June 2015
Volume 56, Issue 7
Free
ARVO Annual Meeting Abstract  |   June 2015
Drusen component amyloid beta promotes membrane attack complex formation on ARPE-19
Author Affiliations & Notes
  • Sijia Cao
    Ophthal & Visual Sciences, University of British Columbia, Vancouver, BC, Canada
  • Jiangyuan Gao
    Ophthal & Visual Sciences, University of British Columbia, Vancouver, BC, Canada
  • Aikun Wang
    Ophthal & Visual Sciences, University of British Columbia, Vancouver, BC, Canada
  • Jing Z Cui
    Ophthal & Visual Sciences, University of British Columbia, Vancouver, BC, Canada
  • Joanne A Matsubara
    Ophthal & Visual Sciences, University of British Columbia, Vancouver, BC, Canada
  • Footnotes
    Commercial Relationships Sijia Cao, None; Jiangyuan Gao, None; Aikun Wang, None; Jing Cui, None; Joanne Matsubara, None
  • Footnotes
    Support None
Investigative Ophthalmology & Visual Science June 2015, Vol.56, 3774. doi:https://doi.org/
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      Sijia Cao, Jiangyuan Gao, Aikun Wang, Jing Z Cui, Joanne A Matsubara; Drusen component amyloid beta promotes membrane attack complex formation on ARPE-19. Invest. Ophthalmol. Vis. Sci. 2015;56(7 ):3774. doi: https://doi.org/.

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      © ARVO (1962-2015); The Authors (2016-present)

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Abstract

Purpose: Drusen are hallmark deposits associated with age-related macular degeneration (AMD) and amyloid beta (Aβ) and membrane attack complex (MAC) have been both reported in drusen. However, the relationship between Aβ and complement activation on RPE cells is not yet known. In this study we test the hypothesis that Aβ promotes MAC formation on RPE cells by stimulating RPE cells with Aβ in the presence of normal human serum (NHS) as a source of complement proteins. To further understand the effect of Aβ on the regulation of complement cascade, several complement regulators were also measured.

Methods: ARPE-19 cells were stimulated with fibrillar Aβ in the presence of NHS (25%) or heat-inactivated (HI)-NHS for 24 hours. Positive controls included stimulation with zymosan and NHS. Negative controls included Aβ or serum-free medium alone. Next, ARPE-19 cells were fixed and immunostained for MAC (1:50, Clone aE11, Dako) and the nuclei were counterstained by DAPI. The MAC formation was quantified as the percentage of MAC immunoreactive cells over the total number of cells per 40× field. The gene and protein expressions of complement regulators were measured by quantitative PCR and western blot (WB) in cells treated with Aβ or controls.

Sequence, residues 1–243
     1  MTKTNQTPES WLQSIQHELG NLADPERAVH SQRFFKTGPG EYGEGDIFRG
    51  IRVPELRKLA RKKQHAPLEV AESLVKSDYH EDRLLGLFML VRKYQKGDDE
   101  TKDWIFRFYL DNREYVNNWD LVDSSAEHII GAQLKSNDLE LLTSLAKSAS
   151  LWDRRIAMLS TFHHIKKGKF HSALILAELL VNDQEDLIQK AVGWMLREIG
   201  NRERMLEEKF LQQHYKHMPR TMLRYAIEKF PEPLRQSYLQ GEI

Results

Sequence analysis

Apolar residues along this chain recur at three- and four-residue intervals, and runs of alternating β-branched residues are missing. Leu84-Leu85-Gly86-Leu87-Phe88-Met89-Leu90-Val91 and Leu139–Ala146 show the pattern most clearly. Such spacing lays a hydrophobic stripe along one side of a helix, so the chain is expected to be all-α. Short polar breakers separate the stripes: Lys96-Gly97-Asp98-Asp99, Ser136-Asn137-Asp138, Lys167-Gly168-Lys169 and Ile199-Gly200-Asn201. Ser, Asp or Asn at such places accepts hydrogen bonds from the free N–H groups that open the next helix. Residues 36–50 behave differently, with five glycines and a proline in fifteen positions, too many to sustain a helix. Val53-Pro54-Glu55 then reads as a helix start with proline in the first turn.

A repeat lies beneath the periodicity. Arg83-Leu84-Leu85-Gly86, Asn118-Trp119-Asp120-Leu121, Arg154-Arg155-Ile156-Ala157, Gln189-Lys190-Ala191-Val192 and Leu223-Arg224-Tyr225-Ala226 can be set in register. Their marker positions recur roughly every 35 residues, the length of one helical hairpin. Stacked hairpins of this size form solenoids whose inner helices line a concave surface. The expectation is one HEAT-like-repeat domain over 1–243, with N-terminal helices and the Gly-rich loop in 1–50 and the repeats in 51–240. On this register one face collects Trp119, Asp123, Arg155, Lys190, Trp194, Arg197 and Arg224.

Results: The level of MAC immunoreactive cells was higher in the ARPE-19 treated with NHS and Aβ compared to its corresponding negative control (mean ± standard error of mean (SEM), 14.9±1.2% versus 0.4±0.2%, n=6, p < 0.01, Student’s t test). The complement regulator CD55 was downregulated by Aβ by 20 folds (p < 0.05, Student’s t test), while CD46, CD59, CFH and CFI did not change. The protein level of CD55, as measured by WB, showed a decreased trend after 6-hour treatment with Aβ.

Conclusions: The drusen component, Aβ, induced MAC formation on ARPE-19 cells, and it may promote this process by downregulating the expression of the complement regulator CD55. It is known that the Y402H at-risk variant in the CFH gene is associated with greater MAC deposition in choroid compared to the protective variant. Thus, a concomitant exposure to drusen components, such as Aβ, may further exacerbate MAC formation leading to RPE dysfunction in outer retina.

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